Scientists report that sophisticated imaging showed that seeing a baby's face lit up a specific region of the adult brain associated with reward circuitry. This "Christmas tree" effect didn't occur when adults looked at another adult face, suggesting there's a neural basis for protective, nurturing feelings triggered by babies.
And the findings could also shed some light on postnatal depression, which affects some 13 percent of new mothers, the study authors said.
Using an imaging technique called magnetoencephalography, scientists led by researchers at the University of Oxford in England scanned the faces of 12 adults as they looked at images of 13 infant and 13 adult faces. The study participants had never seen the images before. The faces were matched for emotional content, attractiveness and other features.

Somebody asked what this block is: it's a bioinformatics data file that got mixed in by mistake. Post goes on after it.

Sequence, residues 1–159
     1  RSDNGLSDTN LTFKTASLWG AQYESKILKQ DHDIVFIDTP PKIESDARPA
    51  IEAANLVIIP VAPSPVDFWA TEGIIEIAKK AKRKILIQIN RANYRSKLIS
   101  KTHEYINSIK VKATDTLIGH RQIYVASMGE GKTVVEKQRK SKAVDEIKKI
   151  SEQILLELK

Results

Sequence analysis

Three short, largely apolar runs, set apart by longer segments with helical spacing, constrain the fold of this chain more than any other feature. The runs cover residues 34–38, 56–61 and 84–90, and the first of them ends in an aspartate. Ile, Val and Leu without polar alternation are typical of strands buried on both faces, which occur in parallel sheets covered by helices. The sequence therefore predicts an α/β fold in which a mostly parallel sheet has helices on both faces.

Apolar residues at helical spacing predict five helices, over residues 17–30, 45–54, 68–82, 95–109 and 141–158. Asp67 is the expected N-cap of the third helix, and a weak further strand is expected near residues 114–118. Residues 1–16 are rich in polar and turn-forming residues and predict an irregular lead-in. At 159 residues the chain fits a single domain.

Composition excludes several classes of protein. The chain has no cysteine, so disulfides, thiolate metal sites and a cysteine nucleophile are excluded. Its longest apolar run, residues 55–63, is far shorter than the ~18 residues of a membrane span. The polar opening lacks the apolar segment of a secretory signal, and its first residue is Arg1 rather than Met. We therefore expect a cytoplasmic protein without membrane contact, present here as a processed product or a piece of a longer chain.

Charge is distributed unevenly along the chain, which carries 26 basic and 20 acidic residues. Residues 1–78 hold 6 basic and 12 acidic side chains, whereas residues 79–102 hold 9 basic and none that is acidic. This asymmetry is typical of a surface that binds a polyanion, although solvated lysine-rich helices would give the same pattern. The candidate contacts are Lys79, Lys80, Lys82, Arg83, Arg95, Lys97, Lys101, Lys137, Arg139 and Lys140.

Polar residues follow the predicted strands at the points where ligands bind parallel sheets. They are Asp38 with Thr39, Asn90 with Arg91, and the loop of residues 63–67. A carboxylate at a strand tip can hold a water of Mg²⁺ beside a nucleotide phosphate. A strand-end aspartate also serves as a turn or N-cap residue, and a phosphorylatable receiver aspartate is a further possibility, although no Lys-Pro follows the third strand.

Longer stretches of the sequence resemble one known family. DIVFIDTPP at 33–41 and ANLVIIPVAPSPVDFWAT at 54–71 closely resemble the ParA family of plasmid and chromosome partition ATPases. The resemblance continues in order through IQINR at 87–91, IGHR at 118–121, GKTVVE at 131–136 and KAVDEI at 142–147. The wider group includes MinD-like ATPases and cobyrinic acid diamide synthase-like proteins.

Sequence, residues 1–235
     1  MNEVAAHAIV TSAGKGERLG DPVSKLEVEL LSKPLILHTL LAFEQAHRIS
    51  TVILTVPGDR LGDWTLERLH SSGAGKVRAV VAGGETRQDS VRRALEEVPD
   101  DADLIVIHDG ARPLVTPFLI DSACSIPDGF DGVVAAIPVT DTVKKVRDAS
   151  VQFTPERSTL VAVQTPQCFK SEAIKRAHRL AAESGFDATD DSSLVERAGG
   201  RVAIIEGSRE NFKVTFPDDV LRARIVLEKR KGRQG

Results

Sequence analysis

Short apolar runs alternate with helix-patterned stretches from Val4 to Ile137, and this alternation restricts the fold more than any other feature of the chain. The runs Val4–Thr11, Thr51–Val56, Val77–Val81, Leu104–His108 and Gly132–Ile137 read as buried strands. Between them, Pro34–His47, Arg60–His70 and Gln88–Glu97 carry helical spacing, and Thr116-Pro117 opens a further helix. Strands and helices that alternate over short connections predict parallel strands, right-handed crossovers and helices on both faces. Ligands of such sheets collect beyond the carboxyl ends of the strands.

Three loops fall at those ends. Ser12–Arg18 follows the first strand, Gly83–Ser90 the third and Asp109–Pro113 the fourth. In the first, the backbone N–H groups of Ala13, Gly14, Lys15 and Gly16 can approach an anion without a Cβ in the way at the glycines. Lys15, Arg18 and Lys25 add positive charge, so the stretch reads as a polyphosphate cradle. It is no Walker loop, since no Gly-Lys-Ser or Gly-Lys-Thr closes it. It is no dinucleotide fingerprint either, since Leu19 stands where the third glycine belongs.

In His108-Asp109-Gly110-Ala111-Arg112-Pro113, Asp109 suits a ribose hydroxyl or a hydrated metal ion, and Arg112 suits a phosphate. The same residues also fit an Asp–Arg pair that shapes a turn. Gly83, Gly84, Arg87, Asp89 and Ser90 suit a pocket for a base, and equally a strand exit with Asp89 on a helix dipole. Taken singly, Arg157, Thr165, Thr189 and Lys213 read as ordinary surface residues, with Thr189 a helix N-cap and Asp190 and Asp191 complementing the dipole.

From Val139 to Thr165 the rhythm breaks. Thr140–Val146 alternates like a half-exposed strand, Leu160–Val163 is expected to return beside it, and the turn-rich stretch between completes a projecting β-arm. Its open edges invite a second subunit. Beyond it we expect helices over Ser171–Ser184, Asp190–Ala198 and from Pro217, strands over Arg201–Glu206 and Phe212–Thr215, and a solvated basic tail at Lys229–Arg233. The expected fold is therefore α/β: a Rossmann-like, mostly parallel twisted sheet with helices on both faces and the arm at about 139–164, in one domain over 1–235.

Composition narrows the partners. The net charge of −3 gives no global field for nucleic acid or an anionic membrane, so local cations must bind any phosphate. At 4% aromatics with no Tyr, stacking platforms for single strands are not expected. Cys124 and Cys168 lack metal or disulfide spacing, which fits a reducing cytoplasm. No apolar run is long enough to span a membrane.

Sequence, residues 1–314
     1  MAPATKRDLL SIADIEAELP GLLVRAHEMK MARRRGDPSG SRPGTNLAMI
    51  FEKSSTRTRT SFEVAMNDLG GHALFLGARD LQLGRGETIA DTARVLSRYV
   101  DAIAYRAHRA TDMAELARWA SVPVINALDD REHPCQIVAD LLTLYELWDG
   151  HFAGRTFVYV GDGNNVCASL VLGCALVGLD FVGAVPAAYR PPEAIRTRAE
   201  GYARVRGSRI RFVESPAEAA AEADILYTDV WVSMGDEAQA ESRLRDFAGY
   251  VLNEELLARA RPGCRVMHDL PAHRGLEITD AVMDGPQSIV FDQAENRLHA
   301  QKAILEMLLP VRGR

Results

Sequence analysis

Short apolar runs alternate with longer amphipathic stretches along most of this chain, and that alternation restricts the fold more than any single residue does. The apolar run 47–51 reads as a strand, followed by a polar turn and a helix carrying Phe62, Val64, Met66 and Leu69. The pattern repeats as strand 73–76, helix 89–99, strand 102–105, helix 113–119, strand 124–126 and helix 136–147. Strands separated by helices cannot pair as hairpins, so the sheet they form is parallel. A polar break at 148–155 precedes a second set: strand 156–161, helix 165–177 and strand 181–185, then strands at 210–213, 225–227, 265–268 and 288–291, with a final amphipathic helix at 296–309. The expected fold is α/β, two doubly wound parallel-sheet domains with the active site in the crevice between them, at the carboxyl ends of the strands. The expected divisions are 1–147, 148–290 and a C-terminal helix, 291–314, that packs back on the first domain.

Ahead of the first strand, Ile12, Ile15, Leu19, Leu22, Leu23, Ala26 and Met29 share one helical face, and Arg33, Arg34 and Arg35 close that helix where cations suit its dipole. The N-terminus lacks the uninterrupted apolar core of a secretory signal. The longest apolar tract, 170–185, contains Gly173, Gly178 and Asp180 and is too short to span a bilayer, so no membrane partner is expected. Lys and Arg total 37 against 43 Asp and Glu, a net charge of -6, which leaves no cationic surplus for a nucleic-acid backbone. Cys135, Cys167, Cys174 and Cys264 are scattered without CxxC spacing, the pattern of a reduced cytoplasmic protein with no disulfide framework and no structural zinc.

Brain activity started in the medial orbitofrontal cortex region of the brain within one-seventh of a second after seeing infant faces, but not adult faces. The responses were considered too rapid to be consciously controlled.
This region of the brain has been implicated in reward behavior; it also appears to be involved in visual object recognition. And depression has been linked to another region of the brain -- the subgenual cingulate cortex -- that is connected to the medial orbitofrontal cortex.